# Video block transform

Integer transforms of 4×4 blocks of the type used in proposed H.26L but adapted to 16-bit arithmetic by shifts after matrix multiplications and integer approximation matrices absorbing scaling factors.

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## Description

#### CROSS-REFERENCE TO RELATED APPLICATIONS

This application claims priority from provisional patent application Nos. 60/314,348, filed Aug. 23, 2001; 60/317,169, filed Sep. 5, 2001; 60/322,531, filed Sep. 10, 2001; and 60/371,763, filed Apr. 10, 2002.

#### BACKGROUND OF THE INVENTION

The present invention relates to video compression and decompression, and more particularly to transform methods such as DCT in block compression and decompression.

H.26L is a new video compression video standard being developed by ITU-T. It offers much higher coding efficiency which provides about 30–50% additional bit-rate reduction at the same coding qualities as compared to the MPEG-4 SP. A typical application of H.26L could be wireless video on demand, in which the bandwidth is so limited that a coding standard of high compression ratio is strongly desired.

As illustrated in

However, in the typical H.26L application, such as wireless video on demand, the hand-held devices are normally powered by 16-bit chipsets that are low-cost and have low power consumption. It is very expensive to implement 32-bit based transforms and quantization on 16-bit devices. Therefore, it is of interests to H.26L adoption that a 16-bit based transform and quantization is supported.

#### SUMMARY OF THE INVENTION

The present invention provides block transforms by left and right matrix multiplications with normalizing shifts between matrix operations to maintain a bit precision in the elements.

#### BRIEF DESCRIPTION OF THE DRAWINGS

The drawings are heuristic for clarity.

#### DESCRIPTION OF THE PREFERRED EMBODIMENTS

1. Overview

Preferred embodiments provide block transforms based on left and right matrix multiplications with a (orthogonal) matrix and its transpose (such as DCT) but use integer-valued elements plus normalizing shifts to allow limited bit precision implementations. Further preferred embodiments have the inverse transform matrix and its transpose differing in number of bits for the elements and possible scaling with round off; see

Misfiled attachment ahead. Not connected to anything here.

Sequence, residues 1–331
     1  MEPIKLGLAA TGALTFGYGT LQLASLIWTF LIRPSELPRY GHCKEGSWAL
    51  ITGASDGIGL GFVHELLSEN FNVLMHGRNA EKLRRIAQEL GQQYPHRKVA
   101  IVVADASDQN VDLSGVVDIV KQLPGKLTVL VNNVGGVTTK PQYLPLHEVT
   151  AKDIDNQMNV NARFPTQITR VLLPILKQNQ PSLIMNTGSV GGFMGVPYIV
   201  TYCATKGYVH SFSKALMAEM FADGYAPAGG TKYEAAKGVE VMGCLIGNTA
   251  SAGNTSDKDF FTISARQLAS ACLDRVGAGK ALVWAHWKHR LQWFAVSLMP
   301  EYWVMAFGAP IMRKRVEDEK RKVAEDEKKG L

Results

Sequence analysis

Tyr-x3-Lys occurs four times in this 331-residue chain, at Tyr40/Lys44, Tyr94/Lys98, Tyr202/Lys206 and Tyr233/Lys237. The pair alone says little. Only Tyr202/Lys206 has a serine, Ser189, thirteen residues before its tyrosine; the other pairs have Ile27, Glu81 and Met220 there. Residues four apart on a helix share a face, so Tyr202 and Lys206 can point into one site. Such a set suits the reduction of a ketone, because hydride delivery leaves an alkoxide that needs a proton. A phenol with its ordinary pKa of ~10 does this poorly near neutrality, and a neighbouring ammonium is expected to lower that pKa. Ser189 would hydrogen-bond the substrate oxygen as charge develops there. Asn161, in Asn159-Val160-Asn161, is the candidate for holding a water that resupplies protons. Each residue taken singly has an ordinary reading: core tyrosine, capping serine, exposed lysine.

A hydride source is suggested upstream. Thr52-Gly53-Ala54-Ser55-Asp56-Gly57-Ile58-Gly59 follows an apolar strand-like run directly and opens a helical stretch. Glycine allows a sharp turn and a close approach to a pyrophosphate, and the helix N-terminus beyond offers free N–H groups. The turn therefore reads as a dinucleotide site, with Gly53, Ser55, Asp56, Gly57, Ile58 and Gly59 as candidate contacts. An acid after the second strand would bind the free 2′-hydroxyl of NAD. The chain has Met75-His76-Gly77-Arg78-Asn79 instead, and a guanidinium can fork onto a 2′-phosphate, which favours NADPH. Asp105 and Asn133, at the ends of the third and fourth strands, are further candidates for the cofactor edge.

The functions of

2. 4×4 Approximate-DCT Transform For Residual Blocks

Motion compensated video compression with 4×4 blocks yields motion vectors plus 4×4 blocks of residuals which are transformed, quantized, encoded, and transmitted along with the corresponding encoded motion vectors. Decompression reverses these steps (inverse quantization and inverse transformation to reconstruct residuals to add to motion vector reconstructed block). Thus presuming error-free, lossless transmission, the net overall operations on a 4×4 residual block are transformation, quantization, inverse quantization, and inverse transformation. The following paragraphs consider this in more detail, first for the H.26L standard and then the corresponding preferred embodiments.

a) Forward 4×4 Transform

Let a be a 4×4 block of pixel residuals a_{i,j }for i,j=0,1,2,3 and with each residual an integer in the range [−255, 255]; that is:

Also, let U be the 4×4 matrix:

Note that U/26 is a real, orthogonal matrix: UU^{T}=676 I (the superscript ^{T }denotes transpose), where I is the 4×4 identity matrix. Also, U/26 is an integer approximation to the 4×4 DCT transform matrix.

Then apply U to transform the 4×4 block of residuals a into the 4×4 block of non-normalized approximate DCT coefficients F=UaU^{T}, with elements F_{i,j }for i,j=0,1,2,3. This is the proposed H.26L forward 4×4 transform. Since the forward transform contains no normalization, the coefficients have 21-bit precision; indeed, the minimum F_{i,j }value is −52*52*255.

b) Quantization

Let F_{ij }be a coefficient defined as in the foregoing, then the quantization of F_{ij }is denoted Level_{ij }for i,j=0,1,2,3 and defined as

Level_{ij}=(*F*_{ij}*×A*(*QP*)+frac×2^{20})/2^{20}

where |frac| is in the range (0–0.5) and frac has the same sign as F_{ij }and provides round-off; A(QP) is the quantization scale defined as for integer QP in the range [0,63] as {620, 553, 492, 439, 391, 348, 310, 276, 246, 219, 195, 174, 155, 138, 123, 110, 98, 87, 78, 69, 62, 55, 49, 44, 39, 35, 31, 27, 24, 22, 19, 17}.

A(QP) is in 10-bit format (maximum value 620), so the quantized 4×4 coefficient block Level has 10-bit precision; in fact, the minimum value is −408=(−52*52*255*620+2^{19})/2^{20}.

The 10-bit quantized coefficients Level_{ij }are encoded and transmitted.

c) Inverse Quantization

After decoding the received 10-bit quantized coefficients Level_{ij}, apply the inverse quantization defined as:

*F′*_{ij}=Level_{ij}*×B*(*QP*)

where F′_{ij }for i,j=0, 1, 2, 3 are the elements of the inverse-quantized coefficient block F′; and the inverse-quantization scale B(QP) is for QP in the range 0 to 63: {3881, 4351, 4890, 5481, 6154, 6914, 7761, 8718, 9781, 10987, 12339, 13828, 15523, 17435, 19561, 21873, 24552, 27656, 30847, 34870, 38807, 43747, 49103, 54683, 61694, 68745, 77615, 89113, 100253, 109366, 126635, 141533}

The relation between quantization and inverse quantization is (rounded off):

*A*(*QP*)×*B*(*QP*)×676^{2}=2^{40}.